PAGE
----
SUNY CORTLAND MOTOR DEVELOPMENT LAB
PED 201 – Professor Yang
1. Task one: Reflection.
2. Task two: Object Control Skills Part B Worksheet.
1. Consider the activities/games that you have utilized so far during the past four labs. Were they appropriate for the students at St. Mary’s? Why or why not?
The games that I have been playing with the kids of St. Mary’s have been age and developmentally appropriate. I have chosen games (some from books, other classes, or the Internet) that are easily understood and are lots of fun for those involved. I especially like getting creative with the stories behind games - for the younger kids, mostly. For example, during the Halloween lab - one of the games that I chose was Magic Orb Tag. The whole idea of magic and mystical things is fascinating to younger kids. It was perfect for the K-2nd grade kids in the gym group. The point of this game was to help me fill my hat back up with magic! The kids ate it up!
During the most recent lab - Thanksgiving lab - Tracy and I were able to make Thankful Turkeys with our Pre-K groups. They LOVED them! We got to talk about all of the things that we were thankful for and draw them on our favorite color feathers and stick them to the Thankful Turkey :) After working together and being creative, we hung the Turkeys up in the hallway for all to see.
I find that as my time in 201 goes on I am becoming more aware of activities/games/methods that work better than others and am becoming consciously able to quickly make adjustments and choices in their execution and adaptation. These are some of the qualities that are going to help me become a better, more efficient, unforgettable and fun physical educator.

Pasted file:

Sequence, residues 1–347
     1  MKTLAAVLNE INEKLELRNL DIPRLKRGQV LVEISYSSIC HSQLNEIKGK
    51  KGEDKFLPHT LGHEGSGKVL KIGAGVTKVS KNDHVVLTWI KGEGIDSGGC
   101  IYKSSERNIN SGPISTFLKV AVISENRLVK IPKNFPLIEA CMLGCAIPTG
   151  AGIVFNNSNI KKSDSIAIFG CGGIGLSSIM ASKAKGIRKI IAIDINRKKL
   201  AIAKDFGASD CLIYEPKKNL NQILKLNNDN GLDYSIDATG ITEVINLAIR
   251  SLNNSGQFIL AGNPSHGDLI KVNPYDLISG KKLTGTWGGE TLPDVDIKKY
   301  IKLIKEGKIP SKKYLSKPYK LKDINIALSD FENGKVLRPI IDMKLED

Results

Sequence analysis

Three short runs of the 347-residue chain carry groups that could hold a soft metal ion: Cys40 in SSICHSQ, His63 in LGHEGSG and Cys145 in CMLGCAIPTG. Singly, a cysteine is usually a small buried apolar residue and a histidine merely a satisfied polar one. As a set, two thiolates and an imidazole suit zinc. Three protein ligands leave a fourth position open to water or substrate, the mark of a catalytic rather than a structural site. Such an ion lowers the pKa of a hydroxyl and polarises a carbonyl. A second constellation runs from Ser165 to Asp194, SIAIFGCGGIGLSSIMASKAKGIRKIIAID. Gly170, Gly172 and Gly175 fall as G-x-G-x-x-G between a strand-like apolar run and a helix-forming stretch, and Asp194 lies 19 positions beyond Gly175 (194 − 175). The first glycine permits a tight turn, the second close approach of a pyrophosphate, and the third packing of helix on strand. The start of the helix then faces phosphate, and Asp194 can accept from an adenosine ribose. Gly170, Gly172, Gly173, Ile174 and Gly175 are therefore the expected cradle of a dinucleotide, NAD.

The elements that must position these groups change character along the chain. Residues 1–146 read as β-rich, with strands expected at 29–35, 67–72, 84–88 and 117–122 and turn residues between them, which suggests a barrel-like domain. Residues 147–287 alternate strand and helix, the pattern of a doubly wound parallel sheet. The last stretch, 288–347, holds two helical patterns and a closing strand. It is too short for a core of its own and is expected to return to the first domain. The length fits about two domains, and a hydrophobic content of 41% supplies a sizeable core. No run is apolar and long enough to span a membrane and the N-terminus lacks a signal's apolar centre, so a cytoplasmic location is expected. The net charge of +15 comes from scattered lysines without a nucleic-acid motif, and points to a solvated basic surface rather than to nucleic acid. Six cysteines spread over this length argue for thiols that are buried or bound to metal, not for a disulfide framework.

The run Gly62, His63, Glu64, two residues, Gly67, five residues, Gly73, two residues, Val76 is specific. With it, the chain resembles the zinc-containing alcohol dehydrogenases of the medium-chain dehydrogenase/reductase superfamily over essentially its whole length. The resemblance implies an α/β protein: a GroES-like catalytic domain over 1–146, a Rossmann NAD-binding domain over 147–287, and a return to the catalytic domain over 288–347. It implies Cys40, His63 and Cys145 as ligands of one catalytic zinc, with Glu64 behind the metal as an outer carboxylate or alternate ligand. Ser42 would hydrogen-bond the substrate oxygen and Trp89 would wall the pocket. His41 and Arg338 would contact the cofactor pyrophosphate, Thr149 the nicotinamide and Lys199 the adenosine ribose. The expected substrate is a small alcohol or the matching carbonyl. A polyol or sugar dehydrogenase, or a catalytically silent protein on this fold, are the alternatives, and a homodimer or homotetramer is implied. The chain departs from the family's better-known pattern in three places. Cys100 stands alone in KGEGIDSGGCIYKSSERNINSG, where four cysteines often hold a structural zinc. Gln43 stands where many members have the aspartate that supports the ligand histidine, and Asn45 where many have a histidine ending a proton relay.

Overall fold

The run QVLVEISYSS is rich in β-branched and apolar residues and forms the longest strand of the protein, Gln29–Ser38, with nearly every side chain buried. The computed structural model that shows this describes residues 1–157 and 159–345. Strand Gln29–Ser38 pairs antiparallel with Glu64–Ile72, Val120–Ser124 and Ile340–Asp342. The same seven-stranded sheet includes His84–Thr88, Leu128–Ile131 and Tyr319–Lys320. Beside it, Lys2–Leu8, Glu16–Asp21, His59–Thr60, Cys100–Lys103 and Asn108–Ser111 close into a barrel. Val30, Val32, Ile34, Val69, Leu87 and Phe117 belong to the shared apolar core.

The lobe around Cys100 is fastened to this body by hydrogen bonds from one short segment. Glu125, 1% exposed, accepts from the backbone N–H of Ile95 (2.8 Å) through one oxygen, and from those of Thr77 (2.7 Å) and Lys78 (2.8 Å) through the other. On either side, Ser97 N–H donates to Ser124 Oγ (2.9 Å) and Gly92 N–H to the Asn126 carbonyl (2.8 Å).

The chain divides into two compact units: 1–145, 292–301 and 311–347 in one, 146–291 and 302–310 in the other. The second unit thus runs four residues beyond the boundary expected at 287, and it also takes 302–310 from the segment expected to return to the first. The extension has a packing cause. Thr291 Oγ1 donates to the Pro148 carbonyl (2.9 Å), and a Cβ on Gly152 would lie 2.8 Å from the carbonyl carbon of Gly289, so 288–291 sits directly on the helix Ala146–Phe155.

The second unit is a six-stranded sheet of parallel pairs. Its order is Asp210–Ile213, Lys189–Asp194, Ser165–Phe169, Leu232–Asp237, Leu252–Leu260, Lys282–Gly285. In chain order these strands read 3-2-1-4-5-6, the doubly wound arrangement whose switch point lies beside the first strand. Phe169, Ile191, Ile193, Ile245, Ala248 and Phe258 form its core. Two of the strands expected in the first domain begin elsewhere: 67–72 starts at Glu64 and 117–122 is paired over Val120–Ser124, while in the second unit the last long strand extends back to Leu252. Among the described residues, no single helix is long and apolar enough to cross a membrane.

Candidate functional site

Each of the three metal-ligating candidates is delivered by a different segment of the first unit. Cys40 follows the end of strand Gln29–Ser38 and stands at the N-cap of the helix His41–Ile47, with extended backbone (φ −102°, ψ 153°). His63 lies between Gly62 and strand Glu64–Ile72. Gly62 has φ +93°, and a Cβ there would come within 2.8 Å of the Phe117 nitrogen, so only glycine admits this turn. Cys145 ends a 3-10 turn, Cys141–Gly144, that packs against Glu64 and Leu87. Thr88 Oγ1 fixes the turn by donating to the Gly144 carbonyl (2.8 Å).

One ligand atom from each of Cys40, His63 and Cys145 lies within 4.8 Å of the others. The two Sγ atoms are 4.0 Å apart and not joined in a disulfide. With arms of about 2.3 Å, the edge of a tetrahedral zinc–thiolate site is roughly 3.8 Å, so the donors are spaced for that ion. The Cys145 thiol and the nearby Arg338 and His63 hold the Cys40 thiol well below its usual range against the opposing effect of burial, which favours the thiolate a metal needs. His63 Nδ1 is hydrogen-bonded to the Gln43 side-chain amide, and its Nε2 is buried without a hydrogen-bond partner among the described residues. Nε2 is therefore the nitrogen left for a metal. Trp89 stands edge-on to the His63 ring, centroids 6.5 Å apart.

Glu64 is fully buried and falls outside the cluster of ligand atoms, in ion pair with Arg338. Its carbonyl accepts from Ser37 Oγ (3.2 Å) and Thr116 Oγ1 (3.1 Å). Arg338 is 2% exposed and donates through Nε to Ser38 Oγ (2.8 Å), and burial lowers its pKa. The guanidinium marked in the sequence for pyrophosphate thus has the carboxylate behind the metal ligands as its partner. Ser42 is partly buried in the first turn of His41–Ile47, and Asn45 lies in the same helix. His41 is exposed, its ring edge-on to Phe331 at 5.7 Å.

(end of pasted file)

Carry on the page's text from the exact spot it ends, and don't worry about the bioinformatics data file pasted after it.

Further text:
2. What might be some limitations to games or activities when using them in the process of assessing motor skills?
Sometimes, kids are way too excited when involved in a game to properly execute a skill. They are more concerned about the fun of it than the mechanics. This definitely proves difficult when trying to assess particular motor skills. On top of the heightened excitement, one must contend with numbers. There will be many kids moving around with each other during any given activity and one may not have the appropriate amount of time to devote to the proper assessment of each child. Not only must one be aware of the skills they are trying to assess but they must also be aware of the behavior and sportsmanship of the other students involved in the activity. A truly difficult multi-task.
MOTOR DEVELOPMENT LAB- Object Control Skills Part B
TGMD-2: Test for Gross Motor Development- Second Edition- Revised
Grade: K-2 Age: 5-8 years Male: Jake and Female: Indiana
Object Control Skills- (Lab 5) Part B
1. Stationary Bounce with hand (dribbling)
Use a clear space, you can use a variety of playground balls or basketballs on a hard, flat surface.
During a game or activity, watch a student bounce a ball with their hand and/or dribble. Tell the student to bounce the ball using one hand.
about hip height - a bit higher on average
yes - very consistent
yes - but has tendency to slap/pound
a bit toward the middle
yes - she can look around and maintain control
Use a clear space, you can use a sponge ball or something soft.
During a game or activity, watch a student kick.
Place the ball on a line nearest the wall. Tell the student to kick the ball toward the wall.
many stationary kicks - liked to place ball in particular location before kick
did not observe
did not observe
a bit stiff in the arms - though they did move
did not observe